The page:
Fishes and birds are Escher’s favorite animals. Or, at least, that is what his work seems to suggest. When he was experimenting with tessellations in the late 1930s, he arrived at these shapes quite soon. They lend themselves very well to the juggling act that is needed for this technique. Which is why they keep popping up in his work. Individually, like in Day and Night, Sun and Moon, Liberation, Fishes, Swans, Depth, Three Worlds and Whirlpools. In combination with other animals, but often also together. Consider for example Sky and Water I and II, Metamorphosis II, Predestination and Two Intersecting Planes.
That last one, Two Intersecting Planes, is from January 1952. By then, Escher had a firm grasp on these shapes and in this particular print, he also made them three-dimensional. It results in a combination of two of his major fascinations: tessellations and creating the illusion of three-dimensionality on a flat surface. In this woodcut, he created a jigsaw puzzle with his favourite shapes. As Escher described it in 1959 *:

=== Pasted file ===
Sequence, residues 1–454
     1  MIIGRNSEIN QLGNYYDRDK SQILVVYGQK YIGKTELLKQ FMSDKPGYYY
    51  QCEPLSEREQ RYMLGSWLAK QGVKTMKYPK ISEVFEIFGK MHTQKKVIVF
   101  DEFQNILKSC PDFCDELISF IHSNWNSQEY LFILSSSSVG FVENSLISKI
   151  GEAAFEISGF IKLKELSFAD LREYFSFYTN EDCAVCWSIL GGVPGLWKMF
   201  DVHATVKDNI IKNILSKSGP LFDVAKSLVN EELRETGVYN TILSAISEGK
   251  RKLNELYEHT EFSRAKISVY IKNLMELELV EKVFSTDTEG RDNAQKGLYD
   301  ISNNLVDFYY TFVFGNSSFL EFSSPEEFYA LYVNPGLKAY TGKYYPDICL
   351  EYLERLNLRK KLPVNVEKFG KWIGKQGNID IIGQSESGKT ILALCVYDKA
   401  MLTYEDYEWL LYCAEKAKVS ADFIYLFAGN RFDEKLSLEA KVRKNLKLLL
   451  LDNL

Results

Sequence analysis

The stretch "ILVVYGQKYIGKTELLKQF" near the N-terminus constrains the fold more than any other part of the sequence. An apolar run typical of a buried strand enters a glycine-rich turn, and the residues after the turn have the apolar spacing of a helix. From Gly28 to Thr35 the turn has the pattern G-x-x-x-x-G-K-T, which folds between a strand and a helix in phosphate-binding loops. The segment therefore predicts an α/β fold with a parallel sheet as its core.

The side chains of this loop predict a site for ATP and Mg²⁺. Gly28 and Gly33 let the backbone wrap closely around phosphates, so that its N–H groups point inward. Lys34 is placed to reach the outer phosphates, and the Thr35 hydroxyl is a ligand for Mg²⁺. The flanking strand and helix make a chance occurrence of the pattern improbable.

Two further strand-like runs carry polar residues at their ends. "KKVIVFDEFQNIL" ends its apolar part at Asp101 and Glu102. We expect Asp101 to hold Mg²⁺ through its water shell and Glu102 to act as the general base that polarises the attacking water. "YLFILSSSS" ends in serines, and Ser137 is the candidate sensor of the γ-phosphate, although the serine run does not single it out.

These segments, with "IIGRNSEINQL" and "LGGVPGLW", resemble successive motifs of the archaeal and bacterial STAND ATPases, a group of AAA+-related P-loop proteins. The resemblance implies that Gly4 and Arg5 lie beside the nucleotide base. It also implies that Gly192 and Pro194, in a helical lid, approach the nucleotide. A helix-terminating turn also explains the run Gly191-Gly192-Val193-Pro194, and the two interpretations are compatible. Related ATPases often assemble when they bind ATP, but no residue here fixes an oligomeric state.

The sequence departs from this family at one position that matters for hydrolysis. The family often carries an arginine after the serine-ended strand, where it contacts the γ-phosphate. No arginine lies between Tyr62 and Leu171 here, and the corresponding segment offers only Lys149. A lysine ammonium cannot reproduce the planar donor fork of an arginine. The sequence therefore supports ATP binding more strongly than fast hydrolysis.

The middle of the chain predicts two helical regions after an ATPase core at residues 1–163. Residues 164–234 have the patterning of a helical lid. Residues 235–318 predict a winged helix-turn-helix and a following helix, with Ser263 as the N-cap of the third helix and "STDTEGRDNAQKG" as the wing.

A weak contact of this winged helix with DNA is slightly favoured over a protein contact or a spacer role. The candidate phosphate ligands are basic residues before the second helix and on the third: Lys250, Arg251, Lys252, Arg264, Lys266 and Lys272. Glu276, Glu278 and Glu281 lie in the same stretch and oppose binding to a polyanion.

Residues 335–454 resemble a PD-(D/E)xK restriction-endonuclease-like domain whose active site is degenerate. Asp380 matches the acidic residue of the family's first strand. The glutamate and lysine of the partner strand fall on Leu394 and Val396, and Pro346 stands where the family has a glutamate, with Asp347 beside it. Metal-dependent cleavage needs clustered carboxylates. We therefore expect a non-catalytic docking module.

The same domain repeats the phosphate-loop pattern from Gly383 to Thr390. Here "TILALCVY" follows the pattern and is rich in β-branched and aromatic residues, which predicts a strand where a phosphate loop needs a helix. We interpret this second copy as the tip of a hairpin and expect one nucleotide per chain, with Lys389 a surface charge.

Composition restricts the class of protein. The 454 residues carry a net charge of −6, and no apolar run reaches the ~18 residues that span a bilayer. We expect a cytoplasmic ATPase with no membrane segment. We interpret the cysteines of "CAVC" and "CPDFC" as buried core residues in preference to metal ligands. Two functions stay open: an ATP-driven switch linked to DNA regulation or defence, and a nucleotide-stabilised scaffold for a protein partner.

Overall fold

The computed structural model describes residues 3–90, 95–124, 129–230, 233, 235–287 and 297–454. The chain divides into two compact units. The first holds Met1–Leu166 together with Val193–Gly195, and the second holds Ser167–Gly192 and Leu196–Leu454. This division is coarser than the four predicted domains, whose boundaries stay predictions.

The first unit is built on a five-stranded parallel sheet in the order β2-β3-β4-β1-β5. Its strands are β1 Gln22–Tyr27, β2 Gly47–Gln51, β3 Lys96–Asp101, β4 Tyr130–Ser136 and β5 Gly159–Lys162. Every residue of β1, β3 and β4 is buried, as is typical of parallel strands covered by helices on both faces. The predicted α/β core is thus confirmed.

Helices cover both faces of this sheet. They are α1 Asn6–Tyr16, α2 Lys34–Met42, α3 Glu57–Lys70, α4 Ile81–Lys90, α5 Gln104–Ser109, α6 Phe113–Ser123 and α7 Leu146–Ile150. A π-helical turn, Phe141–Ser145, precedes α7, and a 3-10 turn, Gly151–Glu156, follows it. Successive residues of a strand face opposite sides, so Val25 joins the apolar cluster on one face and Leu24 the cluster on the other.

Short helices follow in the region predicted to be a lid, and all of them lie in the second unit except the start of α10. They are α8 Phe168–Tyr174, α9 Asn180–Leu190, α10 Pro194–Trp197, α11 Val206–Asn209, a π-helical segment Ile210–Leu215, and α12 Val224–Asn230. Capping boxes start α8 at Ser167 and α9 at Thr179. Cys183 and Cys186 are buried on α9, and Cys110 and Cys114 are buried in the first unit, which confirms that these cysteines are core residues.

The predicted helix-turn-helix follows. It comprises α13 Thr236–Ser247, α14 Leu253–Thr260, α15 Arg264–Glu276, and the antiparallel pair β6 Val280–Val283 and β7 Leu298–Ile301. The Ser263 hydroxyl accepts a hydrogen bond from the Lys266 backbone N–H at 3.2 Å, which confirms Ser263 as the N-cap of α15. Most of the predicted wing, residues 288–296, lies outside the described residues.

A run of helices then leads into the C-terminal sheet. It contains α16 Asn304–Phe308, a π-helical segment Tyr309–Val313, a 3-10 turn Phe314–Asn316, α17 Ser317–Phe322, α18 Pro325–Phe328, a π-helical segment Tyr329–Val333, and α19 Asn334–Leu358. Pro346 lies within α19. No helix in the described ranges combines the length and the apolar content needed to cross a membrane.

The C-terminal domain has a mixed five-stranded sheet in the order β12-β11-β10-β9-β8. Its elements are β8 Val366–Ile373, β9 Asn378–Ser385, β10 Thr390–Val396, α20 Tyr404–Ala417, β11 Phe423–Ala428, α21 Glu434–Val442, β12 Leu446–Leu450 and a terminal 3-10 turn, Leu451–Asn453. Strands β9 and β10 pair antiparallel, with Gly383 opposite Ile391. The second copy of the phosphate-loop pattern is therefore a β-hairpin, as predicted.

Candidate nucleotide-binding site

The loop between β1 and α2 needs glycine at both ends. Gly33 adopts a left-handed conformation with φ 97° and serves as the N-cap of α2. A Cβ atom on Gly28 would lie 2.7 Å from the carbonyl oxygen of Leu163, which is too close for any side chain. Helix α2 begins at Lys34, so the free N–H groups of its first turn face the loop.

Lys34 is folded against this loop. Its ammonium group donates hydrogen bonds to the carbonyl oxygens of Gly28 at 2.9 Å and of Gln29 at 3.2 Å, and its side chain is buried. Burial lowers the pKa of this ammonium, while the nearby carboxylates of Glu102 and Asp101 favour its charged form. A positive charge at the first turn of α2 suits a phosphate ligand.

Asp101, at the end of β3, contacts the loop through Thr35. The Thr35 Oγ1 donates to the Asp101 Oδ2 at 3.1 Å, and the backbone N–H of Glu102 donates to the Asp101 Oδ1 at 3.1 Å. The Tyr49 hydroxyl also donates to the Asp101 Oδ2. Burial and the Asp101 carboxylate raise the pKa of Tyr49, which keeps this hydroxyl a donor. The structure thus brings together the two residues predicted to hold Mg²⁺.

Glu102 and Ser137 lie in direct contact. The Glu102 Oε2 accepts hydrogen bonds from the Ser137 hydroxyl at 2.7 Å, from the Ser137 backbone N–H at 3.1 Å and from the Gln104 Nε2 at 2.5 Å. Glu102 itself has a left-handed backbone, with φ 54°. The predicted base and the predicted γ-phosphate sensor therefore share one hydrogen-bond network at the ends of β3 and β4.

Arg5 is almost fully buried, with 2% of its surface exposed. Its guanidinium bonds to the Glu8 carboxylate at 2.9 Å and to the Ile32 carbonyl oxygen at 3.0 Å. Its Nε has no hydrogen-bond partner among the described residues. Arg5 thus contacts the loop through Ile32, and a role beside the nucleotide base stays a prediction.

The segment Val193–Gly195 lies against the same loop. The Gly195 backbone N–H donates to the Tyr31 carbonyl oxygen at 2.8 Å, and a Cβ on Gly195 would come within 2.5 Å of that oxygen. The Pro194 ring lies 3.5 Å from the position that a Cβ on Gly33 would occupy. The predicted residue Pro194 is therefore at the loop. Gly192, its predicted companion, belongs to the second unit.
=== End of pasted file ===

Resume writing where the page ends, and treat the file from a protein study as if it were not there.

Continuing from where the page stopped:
‘Two thin, flat rectangular boards intersect each other at a slight angle. Holes have been sawn in each board leaving openings shaped like fish and birds. The holes in one board can be filled up with the remaining parts of the other board. The jigsaw pieces of the one are mirror images of those in the other.’
[*] The 2013 reissue by Taschen GMBH of M.C. Escher. The Graphic Work. Originally published by Royal publishing house J.J. Tijl NV, Zwolle 1959, page 15.